I see the Guardian has wheeled out Linda Bellos, another high priestess of identity politics, to air her umbrage at Top Gear’s Jeremy Clarkson. Clarkson, we’re told, “makes a living by being gratuitously offensive.” Unlike the elevated Ms Bellos, who makes a living by, among other things, being gratuitously offended. And saying things like this:
Where, for instance, is the disabled community on our screens – either as drivers or presenters? When have we had the feature on Top Gear about cars and motoring for disabled drivers? You’ll have noticed from the supermarket car park that there are a few around. But, apparently, Jeremy Clarkson hasn’t.
As Tim Worstall notes, Ms Bellos might have fared better if she’d done a little research and actually watched the programme she presumes to criticise. In fact, Top Gear has addressed issues of disability on at least three occasions, including, in season 2, a search for the fastest disabled driver in Britain. Fans of the series may also recall a race involving hastily customised double decker cars, during which a driver’s artificial arm became detached from his person while still gripping the wheel.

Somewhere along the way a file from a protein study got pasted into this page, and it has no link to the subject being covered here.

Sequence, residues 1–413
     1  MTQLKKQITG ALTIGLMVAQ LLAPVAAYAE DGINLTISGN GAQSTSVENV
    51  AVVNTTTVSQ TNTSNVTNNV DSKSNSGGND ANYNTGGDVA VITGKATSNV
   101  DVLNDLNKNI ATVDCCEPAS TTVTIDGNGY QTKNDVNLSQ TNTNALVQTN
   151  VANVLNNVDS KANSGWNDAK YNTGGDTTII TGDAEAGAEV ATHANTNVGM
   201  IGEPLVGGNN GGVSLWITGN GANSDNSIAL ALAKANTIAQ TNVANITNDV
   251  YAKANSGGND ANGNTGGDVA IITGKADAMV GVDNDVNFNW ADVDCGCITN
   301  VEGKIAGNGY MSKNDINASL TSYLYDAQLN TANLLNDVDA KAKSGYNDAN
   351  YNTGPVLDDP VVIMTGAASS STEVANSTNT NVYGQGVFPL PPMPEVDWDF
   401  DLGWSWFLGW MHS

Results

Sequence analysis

Given Top Gear’s popularity outside of Guardian circles, it’s no great surprise the series has disabled fans. And it’s perhaps worth noting that Clarkson is a founder of the Help for Heroes charity which raises funds for those injured and disabled during military service. The Guardian actually mentioned the charity and its advertising earlier this year, prompting a reader to complain,
There are only two people who are not white in that commercial... possibly three, there’s someone totally covered in a wet suit.
Ms Bellos will doubtless be pleased to find others airing a worldview very similar to her own. And it’s always good to see moral one-upmanship and complaints of “the same sad old stereotypes” coming from a woman who abandoned her own children to live in a separatist lesbian commune.
Related: Clarkson versus Monbiot.